Southern mamas are known for being subtle, like a freight train.
— Shellie Rushing Tomlinson, writer
These Southern women from a small town in Alabama are a wondrous thing to behold. I think of the epitome of wicked Southern charm, Miss Scarlett O’Hara. She was strong willed, bossy but can flip a switch in her brain to be gracious and laidback. The ideal and more realistic approach of a Southern beauty with impeccable etiquette may have used Sallie Ward (September 29, 1827 – July 8, 1896) of Kentucky nobility, as a model. These ladies represent that type of Southern charm, intelligence, well-mannered and saying a lot of colorful quotes for any situation. In four decades, each will suffer a loss, newfound happiness and try to leave the past behind will forging into a new future.
As children, Charlotte (Arianna Evangelia), Wanda-Sue (Swiszyzinna), Naomi (Ash Saunders) and Ruth (Jessica Sade Ward) would play house and hide-and-go -seek. These little girls have picked up racism from their parents, calling the black girls the “n” word any chance they get. Back in the 50s, it was accepted as way of life. Say that now, you’ll get your ass beat! Just saying! Charlotte allows Wanda-Sue, who’s bi-racial and her half-sister, to come through the front door. They play with dolls, although Charlotte tosses aside the black babies. As girls, they witness adult behavior. Like the time Charlotte caught her father having an affair. Another time, two of them witnessed a hanging of a black man swinging from side to side in the cool Alabaman breeze, permanently wearing a macabre face with eyes out of their sockets and a twisted mouth. They grew up way too fast. Each decade, from Jim Crow to civil rights represented where the girls, now women are in their lives. The death of John F. Kennedy on Friday, November 22, 1963, set a new path for the women. They paid attention what is going on with world. Some are aghast and some take it as another day in life. It’s interesting how these six girls, now women, can live in the same time and come dangerously differently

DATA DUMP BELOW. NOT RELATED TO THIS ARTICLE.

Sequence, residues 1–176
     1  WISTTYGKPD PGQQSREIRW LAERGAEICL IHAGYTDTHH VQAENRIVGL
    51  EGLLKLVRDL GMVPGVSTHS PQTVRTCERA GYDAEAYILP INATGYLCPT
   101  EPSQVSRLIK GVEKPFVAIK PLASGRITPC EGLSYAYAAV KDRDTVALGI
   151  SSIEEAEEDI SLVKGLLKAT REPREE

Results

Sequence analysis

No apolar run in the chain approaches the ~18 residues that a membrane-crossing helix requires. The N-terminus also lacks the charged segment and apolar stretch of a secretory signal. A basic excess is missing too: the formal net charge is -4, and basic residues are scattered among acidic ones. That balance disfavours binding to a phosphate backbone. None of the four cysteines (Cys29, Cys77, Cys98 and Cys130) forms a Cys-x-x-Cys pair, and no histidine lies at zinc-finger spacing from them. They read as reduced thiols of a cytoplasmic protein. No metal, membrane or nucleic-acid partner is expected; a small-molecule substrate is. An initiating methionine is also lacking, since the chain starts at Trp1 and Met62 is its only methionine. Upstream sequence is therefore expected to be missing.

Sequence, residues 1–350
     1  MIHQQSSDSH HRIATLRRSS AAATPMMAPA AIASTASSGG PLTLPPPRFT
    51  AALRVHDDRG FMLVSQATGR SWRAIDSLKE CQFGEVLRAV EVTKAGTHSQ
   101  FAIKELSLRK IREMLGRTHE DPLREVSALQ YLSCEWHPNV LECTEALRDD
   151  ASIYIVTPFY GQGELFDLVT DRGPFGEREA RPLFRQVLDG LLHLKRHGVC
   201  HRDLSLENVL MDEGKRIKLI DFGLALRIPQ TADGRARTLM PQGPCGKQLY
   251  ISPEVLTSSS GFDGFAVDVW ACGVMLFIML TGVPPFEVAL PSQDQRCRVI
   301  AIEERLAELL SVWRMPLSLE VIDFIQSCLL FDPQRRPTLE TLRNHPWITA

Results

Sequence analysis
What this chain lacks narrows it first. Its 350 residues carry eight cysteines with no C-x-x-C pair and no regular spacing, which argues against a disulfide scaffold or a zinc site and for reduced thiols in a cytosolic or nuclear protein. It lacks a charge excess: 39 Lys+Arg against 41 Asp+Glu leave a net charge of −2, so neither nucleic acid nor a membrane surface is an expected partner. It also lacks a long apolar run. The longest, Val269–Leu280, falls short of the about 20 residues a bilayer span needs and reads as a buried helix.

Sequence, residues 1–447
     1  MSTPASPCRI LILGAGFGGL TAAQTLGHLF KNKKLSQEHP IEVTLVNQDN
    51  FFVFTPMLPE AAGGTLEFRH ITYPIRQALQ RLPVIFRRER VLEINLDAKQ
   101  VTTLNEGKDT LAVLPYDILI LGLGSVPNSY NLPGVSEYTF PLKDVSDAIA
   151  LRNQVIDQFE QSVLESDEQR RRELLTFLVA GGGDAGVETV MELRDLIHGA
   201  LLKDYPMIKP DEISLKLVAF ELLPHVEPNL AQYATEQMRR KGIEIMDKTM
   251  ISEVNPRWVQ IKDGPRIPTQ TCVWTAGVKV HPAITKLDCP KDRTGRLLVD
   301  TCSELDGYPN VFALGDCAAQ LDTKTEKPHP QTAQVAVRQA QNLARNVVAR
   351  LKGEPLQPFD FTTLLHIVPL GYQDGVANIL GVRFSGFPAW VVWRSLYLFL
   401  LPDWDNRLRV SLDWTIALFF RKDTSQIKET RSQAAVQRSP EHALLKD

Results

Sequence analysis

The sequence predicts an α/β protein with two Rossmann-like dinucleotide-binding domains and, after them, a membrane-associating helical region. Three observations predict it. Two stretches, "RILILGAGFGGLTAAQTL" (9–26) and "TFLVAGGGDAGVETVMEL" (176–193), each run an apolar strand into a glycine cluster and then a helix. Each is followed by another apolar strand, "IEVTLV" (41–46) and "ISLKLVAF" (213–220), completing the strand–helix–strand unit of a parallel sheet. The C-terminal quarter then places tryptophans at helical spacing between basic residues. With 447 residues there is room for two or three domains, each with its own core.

The playwrights, Sheri Bailey and Dura Temple, does a remarkable job in writing rich, solid characters with a heavy-duty storyline. These women could be a relative, neighbor or close friend. There is no sign of the ghost of Scarlett O’Hara. These women are real. They fight and cry and win personal battles and comes across as human beings trying to navigate through life. Director Zadie Ife does an excellent job in demonstrating how connected these lives stay together, no matter how far away they are physically. Miss Scarlet would approve but won’t admit to it.
Southern Girls, plays Friday and Saturday nights at 8 p.m., and Sunday at 3 p.m. until Sunday, February 26, located Hudson Backstage Theatre, 6539 Santa Monica Blvd., in Hollywood. For tickets, log on to www.onstage411.com/southerngirls. One 15-minute intermission. Masks are required.